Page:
Although amendment of local codes and regulations to comply with HB 24-1007 is recommended as a best practice, this is not required in order to be in compliance with the law. The law goes into effect on July 1, 2024, and many local governments may need more time to update codes. As an alternative, or until a local government can amend its regulations to align with the new Act, the local government can instruct code enforcement staff to not enforce limits on the number of unrelated persons occupying a dwelling unit. If this approach is taken, adoption of a resolution to that effect by the governing body is recommended, but is not required for compliance with HB 24-1007.

It is also recommended that local governments review their website and any other public-facing materials to ensure information regarding occupancy limits is accurate.

Guidance and Examples

The following two examples are from zoning ordinances currently in use in Colorado, with strikeout text used to show the language that should be deleted and bold text that could be added to these definitions while remaining consistent with the new Act. These examples are presented not as recommended definitions, but to illustrate the minimum changes necessary to reflect the requirements of HB 24-1007.

Example 1

Family: An individual, two or more persons related by blood, marriage, adoption, or similar legal relationship, or a group of persons who need not be so related, plus domestic staff employed for services on the premises, living together as a single housekeeping unit in one dwelling unit. The definition of “family” shall apply regardless of whether any member of such group receives outside services for mental, emotional, or physical disability.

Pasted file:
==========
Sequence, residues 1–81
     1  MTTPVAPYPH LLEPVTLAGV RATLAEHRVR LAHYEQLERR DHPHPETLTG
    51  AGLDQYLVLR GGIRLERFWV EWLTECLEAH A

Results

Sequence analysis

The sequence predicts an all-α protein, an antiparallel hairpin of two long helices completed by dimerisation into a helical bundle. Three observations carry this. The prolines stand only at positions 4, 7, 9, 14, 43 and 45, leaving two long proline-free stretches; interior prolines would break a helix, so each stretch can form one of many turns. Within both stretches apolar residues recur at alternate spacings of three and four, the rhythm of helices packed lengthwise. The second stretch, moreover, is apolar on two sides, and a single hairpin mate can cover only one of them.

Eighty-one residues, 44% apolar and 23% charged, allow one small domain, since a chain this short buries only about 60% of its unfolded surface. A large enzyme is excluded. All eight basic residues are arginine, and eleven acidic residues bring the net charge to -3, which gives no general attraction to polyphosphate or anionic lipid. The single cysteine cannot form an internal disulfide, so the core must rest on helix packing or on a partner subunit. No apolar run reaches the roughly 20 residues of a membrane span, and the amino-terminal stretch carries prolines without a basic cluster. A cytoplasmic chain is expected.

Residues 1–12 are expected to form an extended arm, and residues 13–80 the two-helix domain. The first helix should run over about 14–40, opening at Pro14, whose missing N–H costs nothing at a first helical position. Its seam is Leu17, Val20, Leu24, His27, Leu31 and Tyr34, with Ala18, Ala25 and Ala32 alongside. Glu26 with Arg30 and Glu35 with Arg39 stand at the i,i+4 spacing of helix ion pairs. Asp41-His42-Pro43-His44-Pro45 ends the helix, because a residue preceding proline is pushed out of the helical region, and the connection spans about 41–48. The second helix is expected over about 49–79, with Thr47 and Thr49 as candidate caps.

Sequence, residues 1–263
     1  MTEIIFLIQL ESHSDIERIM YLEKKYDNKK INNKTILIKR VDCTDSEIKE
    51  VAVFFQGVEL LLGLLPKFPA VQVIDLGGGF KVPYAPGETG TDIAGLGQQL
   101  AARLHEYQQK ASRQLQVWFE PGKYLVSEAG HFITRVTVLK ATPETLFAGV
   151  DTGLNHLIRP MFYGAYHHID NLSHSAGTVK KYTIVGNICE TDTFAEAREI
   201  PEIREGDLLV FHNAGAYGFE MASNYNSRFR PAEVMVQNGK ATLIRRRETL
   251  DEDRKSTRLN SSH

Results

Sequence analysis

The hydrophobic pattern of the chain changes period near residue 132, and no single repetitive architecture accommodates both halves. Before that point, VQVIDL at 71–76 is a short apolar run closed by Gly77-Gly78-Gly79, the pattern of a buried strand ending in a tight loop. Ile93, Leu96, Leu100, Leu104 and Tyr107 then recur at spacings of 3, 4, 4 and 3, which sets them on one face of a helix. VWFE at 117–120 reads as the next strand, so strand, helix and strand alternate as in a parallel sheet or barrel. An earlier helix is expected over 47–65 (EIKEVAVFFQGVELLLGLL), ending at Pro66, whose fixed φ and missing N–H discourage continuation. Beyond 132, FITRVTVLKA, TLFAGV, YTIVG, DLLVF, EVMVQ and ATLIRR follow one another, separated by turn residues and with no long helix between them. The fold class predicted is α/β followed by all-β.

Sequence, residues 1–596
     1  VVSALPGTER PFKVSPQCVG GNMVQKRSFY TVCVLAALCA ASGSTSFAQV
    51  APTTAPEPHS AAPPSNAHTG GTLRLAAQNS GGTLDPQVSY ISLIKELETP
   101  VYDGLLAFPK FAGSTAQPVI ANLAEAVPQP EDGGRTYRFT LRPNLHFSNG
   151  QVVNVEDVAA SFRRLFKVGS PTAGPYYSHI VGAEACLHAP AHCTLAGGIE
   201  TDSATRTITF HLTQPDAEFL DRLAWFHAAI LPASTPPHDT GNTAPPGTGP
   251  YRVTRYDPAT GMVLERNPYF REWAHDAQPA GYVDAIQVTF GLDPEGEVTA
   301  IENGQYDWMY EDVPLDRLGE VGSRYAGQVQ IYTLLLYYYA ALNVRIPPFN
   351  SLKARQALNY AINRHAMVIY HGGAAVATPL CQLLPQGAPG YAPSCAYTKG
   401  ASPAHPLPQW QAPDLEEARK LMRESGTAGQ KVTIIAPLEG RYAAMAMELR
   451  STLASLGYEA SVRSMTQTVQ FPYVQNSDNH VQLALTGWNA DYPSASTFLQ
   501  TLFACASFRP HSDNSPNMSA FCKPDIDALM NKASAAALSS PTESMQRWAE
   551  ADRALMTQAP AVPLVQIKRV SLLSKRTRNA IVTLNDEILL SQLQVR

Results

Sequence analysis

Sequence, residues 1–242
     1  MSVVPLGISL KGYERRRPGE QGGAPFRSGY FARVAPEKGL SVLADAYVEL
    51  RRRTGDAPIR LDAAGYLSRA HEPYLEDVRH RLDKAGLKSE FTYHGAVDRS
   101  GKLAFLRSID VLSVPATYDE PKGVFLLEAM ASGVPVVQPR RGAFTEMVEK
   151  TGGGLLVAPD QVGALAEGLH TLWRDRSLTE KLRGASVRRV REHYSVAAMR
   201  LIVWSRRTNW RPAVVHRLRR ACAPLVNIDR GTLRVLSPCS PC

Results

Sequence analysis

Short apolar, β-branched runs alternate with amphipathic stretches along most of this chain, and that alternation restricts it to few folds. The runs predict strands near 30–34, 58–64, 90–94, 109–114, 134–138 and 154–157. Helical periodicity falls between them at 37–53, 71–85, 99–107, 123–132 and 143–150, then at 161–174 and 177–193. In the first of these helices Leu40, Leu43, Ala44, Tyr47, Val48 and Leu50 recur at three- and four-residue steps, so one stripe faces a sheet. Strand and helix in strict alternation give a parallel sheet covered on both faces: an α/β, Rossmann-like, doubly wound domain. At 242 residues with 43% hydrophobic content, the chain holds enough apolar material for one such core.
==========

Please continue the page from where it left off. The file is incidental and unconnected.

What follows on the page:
Example 2

Household: Any one of the following: (1) One or more persons related by blood, marriage, adoption, or legal guardianship, including foster children, living together in a dwelling unit; or (2) A group of persons not related by blood, marriage, adoption, or legal guardianship living together in a dwelling unit; or (3) Two or more unrelated persons and their children living together in a dwelling unit.

Optional Text

Although not required for compliance with HB 24-1007, the tie between these revised definitions and applicable health and safety-related limits on occupancy could be clarified by adding the following to or after the definition of “family” or “household.”

The number of persons occupying each dwelling unit shall not exceed the maximum permitted by the applicable adopted building code or safety code, or by any applicable state or federal law or regulation, or by affordable housing guidelines applicable to the dwelling unit.

Although it is not binding on Colorado communities that have adopted their own versions of building codes, the version of the International Building Code used by the Colorado Division of Housing and applicable in those communities that have not adopted their own building codes requires that homes contain at least 150 square feet of space for the first occupant and at least 100 square feet of space for each additional occupant. Cities and counties that wish to align with this standard could add the following to or after the definition of “family” or “household.”

The number of persons occupying each dwelling unit shall not exceed one person for a dwelling unit with between 150 and 250 square feet of habitable space, plus one additional person for each additional 100 square feet of habitable space above 250 square feet, or the maximum permitted by any applicable state or federal law or by affordable housing guidelines applicable to the dwelling unit.